Answer: Lisa is married to George, and their 10 year old plays with Nintendo. They like to eat at Burger King. The associations are: Child age 4, mother Regina, Father Larry, trains, KFC Child age 6, mother Julie, Father Steve, Pokeman, McDonalds Child age 8, mother Marie, Father Mike, Barbie, Taco Bell Child age 10, mother Lisa, Father George, Nintendo, Burger King Child age 12, mother Carol, Father Bill, GI Joe, Dairy Queen To solve, draw a grid with five rows and five columns. Across the top, above the columns, write Age, Mother, Father, Toy and Food. Figure out the known ages and write them in order in the first column. One child's age is unknown at first. However, once the youngest child is discovered (the one who plays with trains) it is then known that the oldest child is the child with the unknown age. Through additional clues, it is possible to determine that the oldest child is age 12. Take the clue, Lisa?s child is 10. In the mother column corresponding to the age 10, you would write LISA (Maybe circle it, because it is the correct answer.) In the mother column for every other age, write "not Lisa". Do this for each clue. If you know the answer because of a clue, write it in the appropriate column, and then be sure to write "not such and such" in all the other rows for that clue. For example, "The youngest child plays with trains", would result in "not trains" for any child you can tell isn?t the youngest, but you can?t write "trains" for any child, because you don?t know which child is the youngest at first. Eventually, you may find that "mother not Marie" is on every line except one, and then you would know that Marie is the mother on the empty line.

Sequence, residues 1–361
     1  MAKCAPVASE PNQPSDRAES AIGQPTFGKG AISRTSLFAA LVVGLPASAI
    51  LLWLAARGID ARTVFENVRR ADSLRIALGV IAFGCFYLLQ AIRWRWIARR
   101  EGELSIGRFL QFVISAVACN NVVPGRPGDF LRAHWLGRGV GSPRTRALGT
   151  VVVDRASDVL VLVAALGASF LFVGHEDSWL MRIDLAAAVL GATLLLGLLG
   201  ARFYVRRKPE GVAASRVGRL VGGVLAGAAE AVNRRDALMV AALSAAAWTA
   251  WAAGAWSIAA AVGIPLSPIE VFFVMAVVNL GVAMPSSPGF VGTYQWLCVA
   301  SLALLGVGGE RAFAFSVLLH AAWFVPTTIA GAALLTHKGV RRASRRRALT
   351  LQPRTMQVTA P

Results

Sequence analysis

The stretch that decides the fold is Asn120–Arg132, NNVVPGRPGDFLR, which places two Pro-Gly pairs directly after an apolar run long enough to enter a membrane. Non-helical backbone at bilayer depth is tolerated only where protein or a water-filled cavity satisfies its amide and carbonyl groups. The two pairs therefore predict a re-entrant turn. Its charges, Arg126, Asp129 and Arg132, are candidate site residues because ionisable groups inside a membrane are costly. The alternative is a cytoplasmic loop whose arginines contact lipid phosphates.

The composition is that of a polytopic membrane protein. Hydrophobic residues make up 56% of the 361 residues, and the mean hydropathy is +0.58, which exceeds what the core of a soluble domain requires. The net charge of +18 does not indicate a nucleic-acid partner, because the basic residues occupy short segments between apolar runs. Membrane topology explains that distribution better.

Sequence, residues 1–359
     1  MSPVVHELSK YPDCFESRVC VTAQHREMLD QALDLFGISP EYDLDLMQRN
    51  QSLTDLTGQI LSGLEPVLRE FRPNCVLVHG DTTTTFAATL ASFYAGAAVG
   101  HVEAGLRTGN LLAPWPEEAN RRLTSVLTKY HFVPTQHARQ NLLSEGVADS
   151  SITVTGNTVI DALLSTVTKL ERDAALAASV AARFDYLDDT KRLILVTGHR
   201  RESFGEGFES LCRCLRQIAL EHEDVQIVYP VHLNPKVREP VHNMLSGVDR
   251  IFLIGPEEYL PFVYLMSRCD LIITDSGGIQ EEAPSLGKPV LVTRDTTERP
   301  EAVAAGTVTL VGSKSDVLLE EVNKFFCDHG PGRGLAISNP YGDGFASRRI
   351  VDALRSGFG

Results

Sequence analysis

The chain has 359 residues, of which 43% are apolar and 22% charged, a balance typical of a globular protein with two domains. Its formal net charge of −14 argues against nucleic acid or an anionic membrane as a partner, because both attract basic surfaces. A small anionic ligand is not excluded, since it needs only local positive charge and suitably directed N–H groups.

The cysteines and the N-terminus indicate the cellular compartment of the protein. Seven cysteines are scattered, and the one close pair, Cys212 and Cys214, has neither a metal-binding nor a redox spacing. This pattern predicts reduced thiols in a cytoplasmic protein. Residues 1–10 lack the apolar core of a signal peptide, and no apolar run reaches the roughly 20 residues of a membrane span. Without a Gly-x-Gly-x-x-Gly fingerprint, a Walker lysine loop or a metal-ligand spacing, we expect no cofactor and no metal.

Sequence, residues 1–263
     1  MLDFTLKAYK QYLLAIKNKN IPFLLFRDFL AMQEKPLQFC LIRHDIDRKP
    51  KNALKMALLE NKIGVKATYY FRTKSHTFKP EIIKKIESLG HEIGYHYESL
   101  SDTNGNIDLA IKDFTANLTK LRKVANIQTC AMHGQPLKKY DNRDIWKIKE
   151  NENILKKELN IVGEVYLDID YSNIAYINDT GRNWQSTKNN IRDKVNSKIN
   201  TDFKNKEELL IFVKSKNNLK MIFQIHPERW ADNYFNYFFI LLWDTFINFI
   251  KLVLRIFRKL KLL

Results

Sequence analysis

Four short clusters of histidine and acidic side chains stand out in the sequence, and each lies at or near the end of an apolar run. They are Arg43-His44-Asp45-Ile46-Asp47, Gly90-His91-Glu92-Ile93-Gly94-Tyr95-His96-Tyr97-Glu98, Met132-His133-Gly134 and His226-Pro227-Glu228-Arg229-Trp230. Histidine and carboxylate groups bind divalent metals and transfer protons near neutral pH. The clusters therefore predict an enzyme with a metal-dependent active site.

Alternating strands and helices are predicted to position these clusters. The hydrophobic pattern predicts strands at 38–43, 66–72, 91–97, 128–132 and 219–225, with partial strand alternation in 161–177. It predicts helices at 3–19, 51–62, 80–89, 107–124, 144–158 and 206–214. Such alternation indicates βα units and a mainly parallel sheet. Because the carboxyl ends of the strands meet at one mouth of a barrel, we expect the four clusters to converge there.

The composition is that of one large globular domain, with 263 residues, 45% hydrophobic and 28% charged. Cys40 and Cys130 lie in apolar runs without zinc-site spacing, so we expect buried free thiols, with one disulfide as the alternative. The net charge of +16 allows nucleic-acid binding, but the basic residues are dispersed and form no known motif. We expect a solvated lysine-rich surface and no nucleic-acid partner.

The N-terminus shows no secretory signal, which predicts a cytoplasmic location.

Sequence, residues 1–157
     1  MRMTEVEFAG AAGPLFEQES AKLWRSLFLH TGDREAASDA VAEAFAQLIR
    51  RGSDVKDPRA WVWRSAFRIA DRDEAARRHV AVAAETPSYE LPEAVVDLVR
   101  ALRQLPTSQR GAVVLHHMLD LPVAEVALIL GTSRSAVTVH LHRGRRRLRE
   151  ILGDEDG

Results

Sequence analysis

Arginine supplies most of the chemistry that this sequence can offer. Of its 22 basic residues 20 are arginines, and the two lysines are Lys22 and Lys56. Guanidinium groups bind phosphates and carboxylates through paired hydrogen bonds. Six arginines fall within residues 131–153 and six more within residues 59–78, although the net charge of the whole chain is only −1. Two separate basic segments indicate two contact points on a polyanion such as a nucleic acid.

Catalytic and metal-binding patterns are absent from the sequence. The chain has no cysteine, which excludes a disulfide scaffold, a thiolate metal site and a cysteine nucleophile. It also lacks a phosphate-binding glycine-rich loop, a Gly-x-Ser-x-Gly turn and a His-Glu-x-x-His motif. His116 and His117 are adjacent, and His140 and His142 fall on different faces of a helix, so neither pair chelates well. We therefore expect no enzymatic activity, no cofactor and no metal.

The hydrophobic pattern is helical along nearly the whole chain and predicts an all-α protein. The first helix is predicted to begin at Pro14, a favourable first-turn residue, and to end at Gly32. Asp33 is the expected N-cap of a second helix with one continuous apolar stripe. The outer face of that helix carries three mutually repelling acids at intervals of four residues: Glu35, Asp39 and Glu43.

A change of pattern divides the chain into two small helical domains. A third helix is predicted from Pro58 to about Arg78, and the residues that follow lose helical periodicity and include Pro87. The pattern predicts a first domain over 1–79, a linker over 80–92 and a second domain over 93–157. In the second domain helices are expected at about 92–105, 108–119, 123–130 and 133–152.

Riddle: A man told his son that he would give him \$1000 if he could accomplish the following task. The father gave his son ten envelopes and a thousand dollars, all in one dollar bills. He told his son, "Place the money in the envelopes in such a manner that no matter what number of dollars I ask for, you can give me one or more of the envelopes, containing the exact amount I asked for without having to open any of the envelopes. If you can do this, you will keep the \$1000." When the father asked for a sum of money, the son was able to give him envelopes containing the exact amount of money asked for. How did the son distribute the money among the ten envelopes?
Answer: The contents or the ten envelopes (in dollar bills) should be as follows: \$1, 2, 4, 8, 16, 32, 64, 128, 256, 489. The first nine numbers are in geometrical progression, and their sum, deducted from 1,000, gives the contents of the tenth envelope.